Psychohistory has foreseen the collapse of the Galactic Empire in Foundation, the small-screen adaptation of Isaac Asimov’s seminal science fiction novel on the rise and fall of civilizations, and how human folly remains a universal force for change. David S. Goyer (Batman v Superman: Dawn of Justice) is co-writing with sci-fi vet Josh Friedman, the mind behind Terminator: Dark Fate, Avatar 2, Steven Spielberg’s War of the Worlds, and the Snowpiercer TV series. Apple TV+ released a full-length trailer on Tuesday.
Check out the harrowing first glimpse for Foundation below:
Foundation tells the story of Hari Seldon, a mathematics professor on a quest to minimize human suffering, having accurately predicted the fall of the Galactic Empire, the known universe’s reigning superpower. He endeavors to enlighten leaders with the precepts of psychohistory, a branch of mathematical sociology that uses algorithms and statistical probabilities to foretell future events in outstanding detail. As expected, attempts at dialogue fail spectacularly and the Empire dubs Seldon an enemy of bureaucracy and a threat to human advancement.
In response, the beleaguered professor assembles a team of intellectuals committed to alleviating the societal repercussions of the Galactic Empire’s demise; Seldon calls this group the Foundation. Seldon’s long-term goal is to limit the oncoming dark ages from 30,000 years to just a thousand, saving potentially millions of lives from the impending perils of anarchy, poverty, barbarism, and a leaderless society where only the strong survive.
The Foundation TV series is positively gorgeous, and communicates the urgency of Seldon’s crusade to a distractingly horrifying tee, and looks to be a near-perfect adaptation of the seven-book series that has defined science fiction for generations to come. Jared Harris ditches his Crown Jewels for another shot at scientific edification. Based on the trailer, he plays Seldon with the smashing emotional gravitas of browbeaten Soviet chemist Valery Legasov, a man who once tried saving Chernobyl and a previous role Harris played to absolute perfection. Like Legasov, Seldon is neither a dissident nor a “revolutionary,” to borrow words from the trailer; he is simply the messenger. The Morbius star is on track to repeat history by grappling with the same kind of corrupt dignitaries. Hari Seldon’s brand of psychohistory is inspired by real-world social science. The concept of mass action allows academics to prophesize the fate of large enough populations, in that collective awareness of the future and all predicted outcomes ultimately makes for the most unpredictable of choices. In other words, certainty creates uncertainty. As Harris’s Seldon tells the Galactic Empire in the trailer, “You can’t save yourselves, but you can save your legacy.”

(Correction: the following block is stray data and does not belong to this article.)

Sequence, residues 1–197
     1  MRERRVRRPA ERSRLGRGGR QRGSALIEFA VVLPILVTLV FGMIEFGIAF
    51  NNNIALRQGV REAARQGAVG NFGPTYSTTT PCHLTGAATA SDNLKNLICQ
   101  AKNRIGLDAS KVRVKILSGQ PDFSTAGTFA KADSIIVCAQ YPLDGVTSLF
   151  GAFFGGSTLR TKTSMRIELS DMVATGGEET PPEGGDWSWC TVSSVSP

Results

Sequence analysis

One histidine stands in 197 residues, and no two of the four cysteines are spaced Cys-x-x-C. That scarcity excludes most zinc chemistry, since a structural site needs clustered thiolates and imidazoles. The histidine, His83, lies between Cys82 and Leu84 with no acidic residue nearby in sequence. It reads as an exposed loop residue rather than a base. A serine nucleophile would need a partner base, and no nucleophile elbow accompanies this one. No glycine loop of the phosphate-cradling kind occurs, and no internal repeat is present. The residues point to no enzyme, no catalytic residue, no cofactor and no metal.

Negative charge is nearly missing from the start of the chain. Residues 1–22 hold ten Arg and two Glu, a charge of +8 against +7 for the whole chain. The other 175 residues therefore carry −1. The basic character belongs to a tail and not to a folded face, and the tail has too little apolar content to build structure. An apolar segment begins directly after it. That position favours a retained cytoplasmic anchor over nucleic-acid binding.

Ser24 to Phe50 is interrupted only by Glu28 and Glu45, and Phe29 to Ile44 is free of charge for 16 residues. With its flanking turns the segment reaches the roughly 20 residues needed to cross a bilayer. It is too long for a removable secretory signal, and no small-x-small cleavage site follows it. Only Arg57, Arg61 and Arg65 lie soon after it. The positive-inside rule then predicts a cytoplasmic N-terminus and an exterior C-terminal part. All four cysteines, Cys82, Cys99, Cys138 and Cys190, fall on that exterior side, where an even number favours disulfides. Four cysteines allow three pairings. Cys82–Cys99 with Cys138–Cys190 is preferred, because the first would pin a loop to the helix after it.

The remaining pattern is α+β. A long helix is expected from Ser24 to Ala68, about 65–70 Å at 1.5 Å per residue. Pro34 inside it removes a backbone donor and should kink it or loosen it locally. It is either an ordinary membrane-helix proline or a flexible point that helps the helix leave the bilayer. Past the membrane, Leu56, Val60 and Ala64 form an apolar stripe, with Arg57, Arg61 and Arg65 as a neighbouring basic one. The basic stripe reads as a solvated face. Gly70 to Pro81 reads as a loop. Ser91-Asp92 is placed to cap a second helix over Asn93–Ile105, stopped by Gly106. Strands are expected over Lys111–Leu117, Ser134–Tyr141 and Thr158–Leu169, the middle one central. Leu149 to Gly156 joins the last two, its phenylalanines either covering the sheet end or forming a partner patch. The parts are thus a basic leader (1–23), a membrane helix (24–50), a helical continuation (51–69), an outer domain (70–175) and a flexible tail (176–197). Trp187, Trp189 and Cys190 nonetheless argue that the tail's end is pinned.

The original Foundation was released by Isaac Asimov in stages. The trilogy, which was based on a series of short stories written from 1942 to 1950, chronicles Seldon’s otherwise futile attempts (through the Foundation) at saving the Empire’s besieged inhabitants from becoming collateral damage, and was published from 1951 to 1953. It was followed by two sequels that came out in the 80s and two prequels that survived all the way to the 90s. The series eventually ended in 1993.
If that sounds familiar, that’s because Star Wars has an almost identical narrative structure, but on a much smaller and less comprehensive scale. George Lucas has never credited Foundation with helping mold Star Wars, but Asimov was certain his books played a pivotal role in its conception, once in 1983 and another in 1994 when his memoir was published. He writes: “I borrowed freely from Edward Gibbon’s History of the Decline and Fall of the Roman Empire in planning the Foundation series, and I believe that the motion picture Star Wars did not hesitate, in turn, to borrow from the Foundation series.” Foundation won the Hugo Award for Best All-Time Series in 1966.
Apple TV+’s Foundation also stars Lee Pace as Galactic Emperor Brother Day, Lou Llobell as Hari Seldon’s biographer Gaal Dornick, Leah Harvey as Terminus mayor Salvor Hardin, Laura Birn as Eto Demerzel, the alter-ego of Emperor Cleon I’s First Minister R. Daneel Olivaw, and Alfred Enoch as Seldon’s adopted son Raych. Cassian Bilton and Terrence Mann play new roles created specifically for the streaming exclusive, namely Brothers Dawn and Dusk. Jared Harris, of course, plays Professor Hari Seldon, psychohistory expert, mathematician, and the Galactic Empire’s First Minister under Cleon I. The first episode of Foundation is directed by Rupert Sanders (Ghost in the Shell) and comes out September 24.